By Karen Winters Schwartz (Goodman Beck Publishing, 2010)
Reviewed by Kelsey Osgood
It’s a parent’s nightmare: a teenage daughter, once a well-adjusted, academic achiever, suddenly begins to fray at the edges. Despite everyone’s best efforts, she tumbles down the wormhole into bipolar disorder, bringing her parents and the rest of the family along for the ride.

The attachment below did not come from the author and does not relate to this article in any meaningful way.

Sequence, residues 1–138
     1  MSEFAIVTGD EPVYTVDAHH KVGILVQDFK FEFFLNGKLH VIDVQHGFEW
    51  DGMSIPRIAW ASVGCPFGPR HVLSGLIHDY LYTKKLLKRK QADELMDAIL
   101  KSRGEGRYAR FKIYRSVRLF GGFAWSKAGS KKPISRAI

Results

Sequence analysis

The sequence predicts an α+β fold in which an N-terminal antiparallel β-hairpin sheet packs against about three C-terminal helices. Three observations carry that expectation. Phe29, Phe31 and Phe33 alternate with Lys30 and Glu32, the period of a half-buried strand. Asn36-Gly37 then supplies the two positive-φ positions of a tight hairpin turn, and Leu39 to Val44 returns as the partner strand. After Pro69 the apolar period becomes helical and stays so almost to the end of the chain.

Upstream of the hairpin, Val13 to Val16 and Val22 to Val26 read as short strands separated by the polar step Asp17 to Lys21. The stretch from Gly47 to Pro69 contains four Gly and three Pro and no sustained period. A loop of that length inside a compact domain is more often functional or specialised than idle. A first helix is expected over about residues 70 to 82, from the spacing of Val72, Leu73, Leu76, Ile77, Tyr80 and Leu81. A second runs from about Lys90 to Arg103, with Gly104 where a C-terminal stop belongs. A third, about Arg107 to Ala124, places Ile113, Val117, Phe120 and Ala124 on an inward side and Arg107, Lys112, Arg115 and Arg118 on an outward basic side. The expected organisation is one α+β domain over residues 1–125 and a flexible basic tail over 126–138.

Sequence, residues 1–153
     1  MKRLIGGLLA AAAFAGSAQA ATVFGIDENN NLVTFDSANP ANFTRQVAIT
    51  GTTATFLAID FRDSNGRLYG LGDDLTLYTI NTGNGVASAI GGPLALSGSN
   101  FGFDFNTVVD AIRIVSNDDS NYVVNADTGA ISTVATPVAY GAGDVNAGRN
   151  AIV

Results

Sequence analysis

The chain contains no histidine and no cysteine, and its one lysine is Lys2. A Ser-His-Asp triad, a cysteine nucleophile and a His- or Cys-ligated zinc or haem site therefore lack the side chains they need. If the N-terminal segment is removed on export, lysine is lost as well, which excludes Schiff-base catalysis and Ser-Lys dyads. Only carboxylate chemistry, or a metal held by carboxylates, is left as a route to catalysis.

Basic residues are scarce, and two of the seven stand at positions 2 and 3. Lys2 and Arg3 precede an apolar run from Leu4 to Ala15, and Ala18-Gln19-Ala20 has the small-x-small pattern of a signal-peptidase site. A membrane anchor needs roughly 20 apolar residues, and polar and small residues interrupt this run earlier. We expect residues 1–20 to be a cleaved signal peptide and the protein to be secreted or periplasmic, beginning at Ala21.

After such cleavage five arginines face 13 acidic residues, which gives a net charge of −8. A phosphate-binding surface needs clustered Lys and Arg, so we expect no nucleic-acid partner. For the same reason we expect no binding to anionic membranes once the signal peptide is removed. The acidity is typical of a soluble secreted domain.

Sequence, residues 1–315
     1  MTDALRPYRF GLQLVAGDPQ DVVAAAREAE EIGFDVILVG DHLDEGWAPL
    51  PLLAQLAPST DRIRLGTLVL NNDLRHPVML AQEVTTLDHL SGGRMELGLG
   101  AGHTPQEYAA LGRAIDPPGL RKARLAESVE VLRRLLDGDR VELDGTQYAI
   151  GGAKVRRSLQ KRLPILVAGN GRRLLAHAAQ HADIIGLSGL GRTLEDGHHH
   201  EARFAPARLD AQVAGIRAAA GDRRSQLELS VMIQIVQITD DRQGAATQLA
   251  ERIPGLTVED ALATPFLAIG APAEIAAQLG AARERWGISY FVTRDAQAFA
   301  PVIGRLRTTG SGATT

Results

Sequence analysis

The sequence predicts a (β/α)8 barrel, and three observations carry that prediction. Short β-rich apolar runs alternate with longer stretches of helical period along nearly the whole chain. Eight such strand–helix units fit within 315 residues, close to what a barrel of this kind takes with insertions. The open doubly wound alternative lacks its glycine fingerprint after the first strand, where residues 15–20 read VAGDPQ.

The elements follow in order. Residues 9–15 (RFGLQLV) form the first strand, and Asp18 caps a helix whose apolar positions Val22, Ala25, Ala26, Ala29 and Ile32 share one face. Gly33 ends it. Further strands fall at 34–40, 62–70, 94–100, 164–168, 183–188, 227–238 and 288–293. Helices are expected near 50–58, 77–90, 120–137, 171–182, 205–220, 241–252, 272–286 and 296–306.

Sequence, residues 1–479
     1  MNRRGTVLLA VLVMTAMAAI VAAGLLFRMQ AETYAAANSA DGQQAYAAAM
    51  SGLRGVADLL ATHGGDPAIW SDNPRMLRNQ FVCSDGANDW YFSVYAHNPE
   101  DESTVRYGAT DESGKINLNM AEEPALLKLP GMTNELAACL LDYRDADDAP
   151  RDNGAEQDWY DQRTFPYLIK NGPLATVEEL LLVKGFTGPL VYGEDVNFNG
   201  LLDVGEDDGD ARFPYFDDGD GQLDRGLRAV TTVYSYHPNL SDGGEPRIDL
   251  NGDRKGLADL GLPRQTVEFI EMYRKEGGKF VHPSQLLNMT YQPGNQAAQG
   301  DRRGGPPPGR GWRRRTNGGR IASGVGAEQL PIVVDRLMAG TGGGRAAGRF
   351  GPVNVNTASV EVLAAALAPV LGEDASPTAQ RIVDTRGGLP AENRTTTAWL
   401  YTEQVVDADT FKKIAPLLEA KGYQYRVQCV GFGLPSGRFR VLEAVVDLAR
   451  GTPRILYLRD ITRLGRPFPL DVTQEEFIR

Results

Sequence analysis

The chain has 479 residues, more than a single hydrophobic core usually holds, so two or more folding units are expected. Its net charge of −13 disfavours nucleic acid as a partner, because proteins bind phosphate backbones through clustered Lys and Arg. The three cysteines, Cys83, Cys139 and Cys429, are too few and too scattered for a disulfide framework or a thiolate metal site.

Where Are the Cocoa Puffs? A Family’s Journey Through Bipolar Disorder, the debut novel of Karen Winters Schwartz, tracks the Benson family as their eldest child, 18- year-old Amanda, is diagnosed and struggles with euphoric hallucinations, crippling depressions, suicidal thoughts, a nostalgia for mania, and eventually, a hospitalization. The story is in some ways unbelievably tidy, the most obvious example being Ryan, the instantly devoted, endlessly patient boyfriend. But what Schwartz does so well is give each character ample space and time to express how the illness has affected him or her. The most interesting dilemma is that of Jerry Benson, Amanda’s father, also a psychiatrist. Throughout the story, he wrestles with his psychiatric rationale and his emotional paternal instincts. His decisions are often questionable, but this is a forgiving book and a gentle writer, one who makes sure each character is seen as both flawed and beautiful, or in a word: human.